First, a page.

A pointed complaint by the president of the Portland Police Association—accusing the city's Independent Police Review office of violating labor agreements and city code when casually contacting cops about investigations—has apparently had its intended effect.

Daryl Turner, in an email yesterday to his nearly 1,000 members, said he sat down with the director of IPR, Constantin Severe, and claimed an essential concession: No matter the situation at hand, Turner writes, IPR investigators will direct all communication through the police bureau's internal affairs division and "will no longer have any informal, direct communications with PPA members without the PPA's and the member's prior consent."

The Mercury first reported Turner's complaint earlier this month and also reported that the complaint was germaine enough that Turner and Severe had agreed to meet. The IPR, which is overseen by the city auditor's office, is separate from the police bureau.

When asked initially about Turner's charge that IPR investigators were contacting cops during investigations, Severe had told that Mercury that wasn't the case—and that the only time that happened was when someone arrested was having a hard time getting back property that had been convicted as evidence.

But after being told the Mercury had seen emails in which an IPR investigator contacted a cop and that cop's supervisor in a traffic case, Severe walked back his previous denial. He said he hadn't thought of one other circumstance: investigations that might lead to a non-disciplinary finding against officers. He also allowed that information obtained in those lower-level contacts might possibly fuel a more serious investigation, although he says it hasn't happened yet.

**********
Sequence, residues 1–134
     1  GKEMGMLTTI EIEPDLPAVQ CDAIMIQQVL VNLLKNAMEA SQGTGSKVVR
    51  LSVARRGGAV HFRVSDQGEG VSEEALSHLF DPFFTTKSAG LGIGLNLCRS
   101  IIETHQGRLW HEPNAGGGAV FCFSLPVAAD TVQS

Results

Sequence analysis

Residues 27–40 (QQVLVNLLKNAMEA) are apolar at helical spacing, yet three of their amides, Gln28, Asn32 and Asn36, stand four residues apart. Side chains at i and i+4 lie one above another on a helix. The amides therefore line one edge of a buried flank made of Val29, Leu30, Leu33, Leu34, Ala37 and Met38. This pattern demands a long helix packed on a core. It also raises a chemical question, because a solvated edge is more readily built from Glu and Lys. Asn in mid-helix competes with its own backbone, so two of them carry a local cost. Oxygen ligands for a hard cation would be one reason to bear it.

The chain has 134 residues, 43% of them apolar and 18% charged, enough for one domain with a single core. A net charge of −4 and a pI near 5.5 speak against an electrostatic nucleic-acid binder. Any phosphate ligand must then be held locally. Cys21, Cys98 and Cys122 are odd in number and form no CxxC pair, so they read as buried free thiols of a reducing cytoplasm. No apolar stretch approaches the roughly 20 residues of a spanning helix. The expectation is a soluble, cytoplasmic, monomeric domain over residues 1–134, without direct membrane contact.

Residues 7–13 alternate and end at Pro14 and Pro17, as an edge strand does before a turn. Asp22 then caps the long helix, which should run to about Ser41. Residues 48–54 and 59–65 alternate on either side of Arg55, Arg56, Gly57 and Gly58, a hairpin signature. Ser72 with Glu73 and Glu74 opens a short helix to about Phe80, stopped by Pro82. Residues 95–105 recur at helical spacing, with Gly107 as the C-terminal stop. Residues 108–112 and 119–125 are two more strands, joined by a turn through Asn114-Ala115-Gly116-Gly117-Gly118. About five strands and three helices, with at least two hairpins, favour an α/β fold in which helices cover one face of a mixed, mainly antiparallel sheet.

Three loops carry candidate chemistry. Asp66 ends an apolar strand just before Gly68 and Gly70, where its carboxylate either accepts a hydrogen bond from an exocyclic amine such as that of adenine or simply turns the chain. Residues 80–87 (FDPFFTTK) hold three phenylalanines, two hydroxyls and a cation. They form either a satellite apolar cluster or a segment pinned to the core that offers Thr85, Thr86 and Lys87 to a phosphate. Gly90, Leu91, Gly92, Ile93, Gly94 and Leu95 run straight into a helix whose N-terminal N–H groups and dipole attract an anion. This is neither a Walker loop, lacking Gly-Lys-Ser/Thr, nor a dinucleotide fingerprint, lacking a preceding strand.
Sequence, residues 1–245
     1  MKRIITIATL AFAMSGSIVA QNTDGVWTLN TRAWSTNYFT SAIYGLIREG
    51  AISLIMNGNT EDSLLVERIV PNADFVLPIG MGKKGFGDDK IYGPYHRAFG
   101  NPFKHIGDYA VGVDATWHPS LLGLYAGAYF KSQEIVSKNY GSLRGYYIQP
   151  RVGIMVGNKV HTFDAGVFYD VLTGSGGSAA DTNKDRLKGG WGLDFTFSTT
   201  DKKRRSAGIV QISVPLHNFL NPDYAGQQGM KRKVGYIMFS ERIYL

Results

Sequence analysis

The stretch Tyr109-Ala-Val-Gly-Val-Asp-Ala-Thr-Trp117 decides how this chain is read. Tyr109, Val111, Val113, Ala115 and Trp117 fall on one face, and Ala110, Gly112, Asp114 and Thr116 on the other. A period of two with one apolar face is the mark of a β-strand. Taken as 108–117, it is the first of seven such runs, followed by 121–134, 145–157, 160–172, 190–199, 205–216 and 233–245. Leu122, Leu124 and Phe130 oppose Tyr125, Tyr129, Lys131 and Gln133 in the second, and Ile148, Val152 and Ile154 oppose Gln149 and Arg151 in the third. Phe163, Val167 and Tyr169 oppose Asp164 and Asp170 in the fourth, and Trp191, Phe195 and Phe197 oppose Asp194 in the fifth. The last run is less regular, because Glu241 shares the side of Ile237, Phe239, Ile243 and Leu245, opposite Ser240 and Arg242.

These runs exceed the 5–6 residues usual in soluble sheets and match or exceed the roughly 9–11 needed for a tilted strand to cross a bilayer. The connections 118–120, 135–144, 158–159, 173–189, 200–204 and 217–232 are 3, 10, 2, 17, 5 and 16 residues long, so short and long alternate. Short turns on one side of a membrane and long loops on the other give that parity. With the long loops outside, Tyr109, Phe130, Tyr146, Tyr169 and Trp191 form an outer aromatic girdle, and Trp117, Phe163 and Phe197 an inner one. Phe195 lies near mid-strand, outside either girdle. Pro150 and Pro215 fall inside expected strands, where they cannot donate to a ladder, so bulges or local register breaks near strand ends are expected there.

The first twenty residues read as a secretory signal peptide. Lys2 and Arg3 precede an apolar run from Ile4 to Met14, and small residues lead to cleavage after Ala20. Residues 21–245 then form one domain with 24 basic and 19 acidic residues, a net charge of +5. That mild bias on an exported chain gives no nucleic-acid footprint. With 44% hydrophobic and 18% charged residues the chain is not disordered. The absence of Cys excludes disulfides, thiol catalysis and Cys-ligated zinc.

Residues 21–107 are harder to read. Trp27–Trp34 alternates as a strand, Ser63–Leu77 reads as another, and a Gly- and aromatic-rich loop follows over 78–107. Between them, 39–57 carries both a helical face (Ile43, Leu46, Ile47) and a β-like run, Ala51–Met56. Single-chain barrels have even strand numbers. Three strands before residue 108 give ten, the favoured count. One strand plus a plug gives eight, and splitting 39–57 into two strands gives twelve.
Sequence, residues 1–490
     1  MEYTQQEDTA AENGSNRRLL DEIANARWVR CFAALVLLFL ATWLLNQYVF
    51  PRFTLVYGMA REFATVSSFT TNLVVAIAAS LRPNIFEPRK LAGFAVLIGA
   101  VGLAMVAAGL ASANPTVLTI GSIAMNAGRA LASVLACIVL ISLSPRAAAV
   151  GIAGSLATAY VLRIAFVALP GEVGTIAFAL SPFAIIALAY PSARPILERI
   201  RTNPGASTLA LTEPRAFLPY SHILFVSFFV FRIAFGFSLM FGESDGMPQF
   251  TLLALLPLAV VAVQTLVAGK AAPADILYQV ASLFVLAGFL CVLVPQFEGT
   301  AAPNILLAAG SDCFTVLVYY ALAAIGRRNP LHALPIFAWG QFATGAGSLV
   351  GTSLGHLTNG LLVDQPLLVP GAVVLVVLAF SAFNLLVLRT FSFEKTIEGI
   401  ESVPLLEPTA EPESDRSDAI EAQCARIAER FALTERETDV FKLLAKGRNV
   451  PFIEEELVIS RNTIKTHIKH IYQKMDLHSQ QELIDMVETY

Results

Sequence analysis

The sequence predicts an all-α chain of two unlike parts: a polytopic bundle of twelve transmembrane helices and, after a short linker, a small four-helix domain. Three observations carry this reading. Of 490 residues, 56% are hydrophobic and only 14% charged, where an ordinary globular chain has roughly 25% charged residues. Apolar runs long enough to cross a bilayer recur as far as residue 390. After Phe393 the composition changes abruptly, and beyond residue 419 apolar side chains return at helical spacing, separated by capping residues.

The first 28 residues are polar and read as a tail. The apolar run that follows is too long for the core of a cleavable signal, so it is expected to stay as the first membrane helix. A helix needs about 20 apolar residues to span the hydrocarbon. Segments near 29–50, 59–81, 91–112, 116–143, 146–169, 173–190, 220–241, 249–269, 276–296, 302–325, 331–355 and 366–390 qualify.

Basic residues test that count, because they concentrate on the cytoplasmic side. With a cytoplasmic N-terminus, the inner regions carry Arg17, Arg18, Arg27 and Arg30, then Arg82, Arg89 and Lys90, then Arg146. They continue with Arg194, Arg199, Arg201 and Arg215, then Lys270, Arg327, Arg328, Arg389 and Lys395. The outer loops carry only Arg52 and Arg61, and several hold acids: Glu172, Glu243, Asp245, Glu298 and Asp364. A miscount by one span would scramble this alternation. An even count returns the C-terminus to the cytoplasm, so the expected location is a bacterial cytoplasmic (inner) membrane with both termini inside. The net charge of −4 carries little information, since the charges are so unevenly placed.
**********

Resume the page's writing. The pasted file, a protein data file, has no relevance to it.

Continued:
Turner was among the loudest opponents of a push last fall and winter to formally expand IPR's power, under city code, to conduct independent misconduct investigations, beyond just serving as an intake point for citizen complaints. Turner views an expansion of IPR's powers—something called for in a federal settlement agreement with the police answering accusations our officers have used excessive force against peopl with mental illness—as a civilian encroachment in what he believes should be a police discipline process.

IPR doesn't issue discipline recommendations or mete out actual discipline, but it does review discipline decisions by police officials and can send them to the bureau's Police Review Board if it chooses. But a strong IPR has decided benefits, even for cops. Most infamously, IPR received a tip from a police official that the bureau had planned to squelch a retaliation claim filed against Captain Mark Kruger without doing a real investigation. IPR decided to investigate on it own and because of that investigation, both the Police Review Board and the city's human resources bureau agreed Kruger had violated policy.

A message left with IPR's deputy director seeking comment on Turner's email has not been returned. Turner declined to comment beyond what he wrote in the email. Here's his full statement: